Why do all this now?
- Because many very poor towns with high educational needs and high local tax rates are also at the bottom of per pupil spending;
- Because the state’s achievement gaps by town, income group, and racial and ethnic groups are demonstratively unacceptable both in terms of opportunities and outcomes;
- And, because the state-funded share of all expenditures for public schools has been roughly the same for the last 30 years. Therefore, the over-reliance on the local property tax continues with inequities not only not having been reduced, but instead having been returned to the level of the 1970s.
It is true Connecticut has made some visible progress in its quest for more equitable school funding and in closing its achievement gaps. However, no one should claim victory and rest on the policies of the past. The glass is only one-half filled. Beyond meeting its legal and legislative obligations, Connecticut must aspire to meet its moral obligation to meet the needs of every student.
The problems of implementing a lasting educational reform in Connecticut have been no different than elsewhere in that they are political, economic, social, and systematic. There is disagreement on the goals of the reform, roles by elected and appointed leaders and interest groups, the absence of continuity in leadership, the increasing concentration of poverty in Connecticut’s major cities, the ever-widening income and wealth gaps, the loss of jobs, the decline in population, and the competition for public dollars from many directions. Moreover, there is a reluctance and/or inability to accept the need to change and strengthen our educational system, our instructional delivery, our expectations, our engagement of students and family, and our use of new technologies and innovations as we prepare students to embrace and thrive in the future.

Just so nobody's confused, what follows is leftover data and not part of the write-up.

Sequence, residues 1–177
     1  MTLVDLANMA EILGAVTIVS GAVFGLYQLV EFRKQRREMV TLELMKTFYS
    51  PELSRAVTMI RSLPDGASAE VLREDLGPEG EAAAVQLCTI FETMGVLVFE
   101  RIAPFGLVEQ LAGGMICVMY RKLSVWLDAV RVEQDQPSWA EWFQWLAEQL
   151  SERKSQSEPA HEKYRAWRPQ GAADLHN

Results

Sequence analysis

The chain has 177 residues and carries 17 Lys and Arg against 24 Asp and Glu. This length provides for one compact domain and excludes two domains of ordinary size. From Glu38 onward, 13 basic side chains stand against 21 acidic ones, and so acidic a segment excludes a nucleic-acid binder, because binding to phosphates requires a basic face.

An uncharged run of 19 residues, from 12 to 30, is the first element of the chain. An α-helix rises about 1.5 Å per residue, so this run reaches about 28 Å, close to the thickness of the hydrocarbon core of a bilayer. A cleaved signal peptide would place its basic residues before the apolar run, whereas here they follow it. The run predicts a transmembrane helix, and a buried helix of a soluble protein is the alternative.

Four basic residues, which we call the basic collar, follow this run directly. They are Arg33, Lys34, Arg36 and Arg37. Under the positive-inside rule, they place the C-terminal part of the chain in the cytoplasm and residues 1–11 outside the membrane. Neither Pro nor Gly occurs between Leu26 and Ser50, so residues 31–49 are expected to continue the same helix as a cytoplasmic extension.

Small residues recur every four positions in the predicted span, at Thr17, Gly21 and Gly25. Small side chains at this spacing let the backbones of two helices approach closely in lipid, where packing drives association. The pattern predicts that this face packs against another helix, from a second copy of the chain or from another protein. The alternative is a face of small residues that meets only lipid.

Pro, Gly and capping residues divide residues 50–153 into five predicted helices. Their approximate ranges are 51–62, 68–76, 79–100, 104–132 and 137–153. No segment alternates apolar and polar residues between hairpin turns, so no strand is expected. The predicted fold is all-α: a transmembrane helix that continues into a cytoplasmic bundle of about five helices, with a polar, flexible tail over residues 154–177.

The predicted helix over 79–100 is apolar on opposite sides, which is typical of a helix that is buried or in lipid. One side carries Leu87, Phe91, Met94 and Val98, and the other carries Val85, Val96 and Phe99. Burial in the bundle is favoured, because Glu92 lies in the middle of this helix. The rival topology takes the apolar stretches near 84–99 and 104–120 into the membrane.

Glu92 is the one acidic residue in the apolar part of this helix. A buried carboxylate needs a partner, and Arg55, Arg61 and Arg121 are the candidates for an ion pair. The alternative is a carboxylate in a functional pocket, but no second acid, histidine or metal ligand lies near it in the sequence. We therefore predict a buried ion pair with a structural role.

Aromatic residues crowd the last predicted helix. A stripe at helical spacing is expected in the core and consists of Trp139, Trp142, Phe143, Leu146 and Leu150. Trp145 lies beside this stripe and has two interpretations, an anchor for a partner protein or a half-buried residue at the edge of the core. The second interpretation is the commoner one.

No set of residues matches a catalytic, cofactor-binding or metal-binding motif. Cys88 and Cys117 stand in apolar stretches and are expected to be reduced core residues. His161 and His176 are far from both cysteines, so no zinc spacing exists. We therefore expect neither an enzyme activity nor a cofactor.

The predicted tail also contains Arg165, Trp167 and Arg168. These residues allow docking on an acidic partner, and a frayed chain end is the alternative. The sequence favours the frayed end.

The best way forward is to: 1) exhibit the will to transform public education, and 2) implement the appropriate strategies to bring about sustained change. Each school district and institution must have an improvement plan that focuses on eliminating those systems that are not only not helping students achieve at the highest levels but are denying students the opportunity to do so. Statewide, Connecticut’s improvement plan must directly address the inequities (the unfair- ness) in the system and strive for more nearly equal educational experiences as measured by expenditures, other resources, programs and services, and student outcomes. One key measure will be the transformation of Connecticut as a state with one of the highest achievement gaps to one of the lowest.
The following set of 30 recommendations from CAPSS is responsive to that quest. It is hoped that these courses of action will stimulate thought and discussion, but most importantly will result in real change, a change that will yield dramatic shifts in Connecticut public education, resulting in a better future for all Connecticut youth, for our communities, and for our state. These 30 recommendations should be viewed collectively, as a unit, as interlocking pieces that go together as a whole.
Please see Appendix D – For a two-page overview of all 30 recommendations.